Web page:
Eighteen years after the millennium celebrations the world has finally arrived in the new millennium. Like every “paradigm shift” in world policy, the present geo-political power shifts, too, provoke the international strategic elite to make forecasts. In their drafts, these experts call the 21st century by adjectives such as American, Pacific, Asian, unipolar (American), bipolar (democracies/autocracies), multipolar, European, or “Chimerican” (USA/China). Thus, world policy is standing at the beginning of a new era as far as the discussion of its political procedures is concerned. Because of the new situation of the world, political scientists, historians, geographers, economists, public international lawyers, media theoreticians, and others, try to develop inventory control and/or an outline of the political forces and of the coherences in a world political perspective. International institutions such as UN, EU, NATO, IBRD, WTO, IWF etc. as well as their member states are confronted by numerous reform suggestions as to how the new geo-political realities could be better respected. Thus, for instance, China’s “Silk Road Project” could replace the WTO. In a newly arranged Security Council the totally unbalanced representation of the continents is to be removed. And here immediately the question arises who will be supposed to represent the single world regions as permanent members in the UN Security Council. Nearly all states agree that the Security Council should be extended, particularly as it mirrors the historical exceptional situation at the end of the Second World War concerning extent, consistence and the distributions of privileges. The maxim that both developing countries and those UN members who contribute the majority to the UN budget ought to carry more weight is still common practice. It is, however, difficult to agree on concrete candidates. The present reform endeavours concerning the expansion of the Security Council, the number of members and the side agreements with whomever, can only be accomplished in the framework of a general UN organisation and assignment reform. If the interests of the powers ever were able for mutual consent, a modified composition of the Security Council would be made on the following negotiating basis:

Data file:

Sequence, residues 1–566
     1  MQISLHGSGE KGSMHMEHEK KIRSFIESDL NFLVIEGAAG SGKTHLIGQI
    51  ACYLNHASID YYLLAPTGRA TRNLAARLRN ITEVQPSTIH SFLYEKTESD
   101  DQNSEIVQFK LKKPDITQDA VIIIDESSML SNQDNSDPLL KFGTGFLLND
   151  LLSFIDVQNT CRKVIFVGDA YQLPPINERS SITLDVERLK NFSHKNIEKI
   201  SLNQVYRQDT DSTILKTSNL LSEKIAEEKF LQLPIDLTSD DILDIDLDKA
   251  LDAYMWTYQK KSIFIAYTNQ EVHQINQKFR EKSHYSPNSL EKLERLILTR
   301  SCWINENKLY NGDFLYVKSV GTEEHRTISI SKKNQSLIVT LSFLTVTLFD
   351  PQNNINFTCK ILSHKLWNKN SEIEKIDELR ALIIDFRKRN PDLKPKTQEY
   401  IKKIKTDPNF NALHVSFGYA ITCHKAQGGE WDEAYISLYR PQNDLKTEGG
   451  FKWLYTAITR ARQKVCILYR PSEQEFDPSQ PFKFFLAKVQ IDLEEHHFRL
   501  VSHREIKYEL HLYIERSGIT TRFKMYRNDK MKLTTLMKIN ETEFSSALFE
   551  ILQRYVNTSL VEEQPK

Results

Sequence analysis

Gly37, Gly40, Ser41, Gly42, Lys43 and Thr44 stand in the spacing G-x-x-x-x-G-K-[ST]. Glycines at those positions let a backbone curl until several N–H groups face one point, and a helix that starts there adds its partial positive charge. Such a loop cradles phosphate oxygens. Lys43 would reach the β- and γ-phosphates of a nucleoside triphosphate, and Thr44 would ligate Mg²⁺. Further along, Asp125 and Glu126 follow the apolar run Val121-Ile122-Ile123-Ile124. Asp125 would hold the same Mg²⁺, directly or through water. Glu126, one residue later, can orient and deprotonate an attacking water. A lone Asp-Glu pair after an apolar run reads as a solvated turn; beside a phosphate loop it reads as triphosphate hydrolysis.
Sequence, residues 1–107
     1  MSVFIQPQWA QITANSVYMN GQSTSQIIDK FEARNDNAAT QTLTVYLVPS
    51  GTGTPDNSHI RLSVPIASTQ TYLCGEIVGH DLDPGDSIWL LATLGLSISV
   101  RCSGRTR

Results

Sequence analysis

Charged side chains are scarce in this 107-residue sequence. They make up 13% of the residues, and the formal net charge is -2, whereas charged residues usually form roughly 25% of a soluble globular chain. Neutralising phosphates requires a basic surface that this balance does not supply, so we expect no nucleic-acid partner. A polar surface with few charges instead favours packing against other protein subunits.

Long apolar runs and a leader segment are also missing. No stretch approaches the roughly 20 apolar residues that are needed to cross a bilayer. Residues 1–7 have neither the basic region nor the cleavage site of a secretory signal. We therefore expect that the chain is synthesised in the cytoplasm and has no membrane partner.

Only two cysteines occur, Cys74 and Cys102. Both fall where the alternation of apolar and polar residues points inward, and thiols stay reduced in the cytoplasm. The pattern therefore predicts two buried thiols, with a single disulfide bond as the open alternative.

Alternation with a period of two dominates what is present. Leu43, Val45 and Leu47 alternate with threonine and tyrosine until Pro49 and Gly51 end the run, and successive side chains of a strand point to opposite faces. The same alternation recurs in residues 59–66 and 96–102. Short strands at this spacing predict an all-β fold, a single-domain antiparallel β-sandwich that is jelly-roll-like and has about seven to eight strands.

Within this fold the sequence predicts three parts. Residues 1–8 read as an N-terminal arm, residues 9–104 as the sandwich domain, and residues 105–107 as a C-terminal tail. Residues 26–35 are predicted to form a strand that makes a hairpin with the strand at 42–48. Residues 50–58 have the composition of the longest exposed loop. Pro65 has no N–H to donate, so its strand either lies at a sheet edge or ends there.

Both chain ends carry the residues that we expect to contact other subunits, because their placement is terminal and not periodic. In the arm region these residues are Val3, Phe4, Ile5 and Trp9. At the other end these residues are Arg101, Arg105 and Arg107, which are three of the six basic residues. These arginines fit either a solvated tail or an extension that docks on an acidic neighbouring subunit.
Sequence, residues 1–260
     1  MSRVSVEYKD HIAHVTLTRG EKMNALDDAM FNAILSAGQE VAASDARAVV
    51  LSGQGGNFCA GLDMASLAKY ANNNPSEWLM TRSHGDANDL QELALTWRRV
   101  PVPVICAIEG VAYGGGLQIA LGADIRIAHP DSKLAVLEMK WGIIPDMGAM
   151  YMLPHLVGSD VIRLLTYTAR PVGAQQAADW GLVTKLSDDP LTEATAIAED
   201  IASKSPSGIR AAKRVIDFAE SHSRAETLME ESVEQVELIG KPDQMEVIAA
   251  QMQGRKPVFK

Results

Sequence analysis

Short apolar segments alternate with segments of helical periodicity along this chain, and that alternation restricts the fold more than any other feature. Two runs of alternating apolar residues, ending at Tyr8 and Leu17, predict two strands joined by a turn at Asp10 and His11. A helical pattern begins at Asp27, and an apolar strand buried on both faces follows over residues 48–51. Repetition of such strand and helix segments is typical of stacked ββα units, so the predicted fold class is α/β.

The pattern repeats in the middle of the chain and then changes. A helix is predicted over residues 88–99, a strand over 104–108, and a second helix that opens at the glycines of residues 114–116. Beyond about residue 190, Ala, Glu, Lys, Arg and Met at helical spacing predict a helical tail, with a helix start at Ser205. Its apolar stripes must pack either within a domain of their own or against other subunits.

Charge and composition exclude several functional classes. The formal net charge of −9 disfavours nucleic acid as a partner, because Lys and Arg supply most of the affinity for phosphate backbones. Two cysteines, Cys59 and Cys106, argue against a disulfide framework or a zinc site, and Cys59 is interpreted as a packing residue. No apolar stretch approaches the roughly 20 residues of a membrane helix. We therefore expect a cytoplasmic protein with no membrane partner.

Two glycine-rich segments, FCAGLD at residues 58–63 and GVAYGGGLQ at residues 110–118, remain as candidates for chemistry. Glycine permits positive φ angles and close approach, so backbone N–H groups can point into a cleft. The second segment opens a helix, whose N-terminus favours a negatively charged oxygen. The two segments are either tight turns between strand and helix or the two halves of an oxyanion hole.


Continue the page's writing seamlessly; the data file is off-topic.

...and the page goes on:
- First, in a so-called „framework resolution“, the future extent of the Security Council – that is the number of the future permanent and non-permanent – and the issue of power of veto would be determined.
- Afterwards candidature and election of the new permanent members would follow.
-And finally, the respective modification of the UN-Charta would have to be decided with a two-third majority of all 194 member states and ratified by the respective parliaments.
The „G2“-world order will probably be re-established. This time, however, the global power coordinates will obviously be realigned omitting the Kremlin, with the USA and China determining the bearing. Here the words of Henry Kissinger are: “The rise of China is irrevocable and must be controlled and attended in cooperation and dialogue.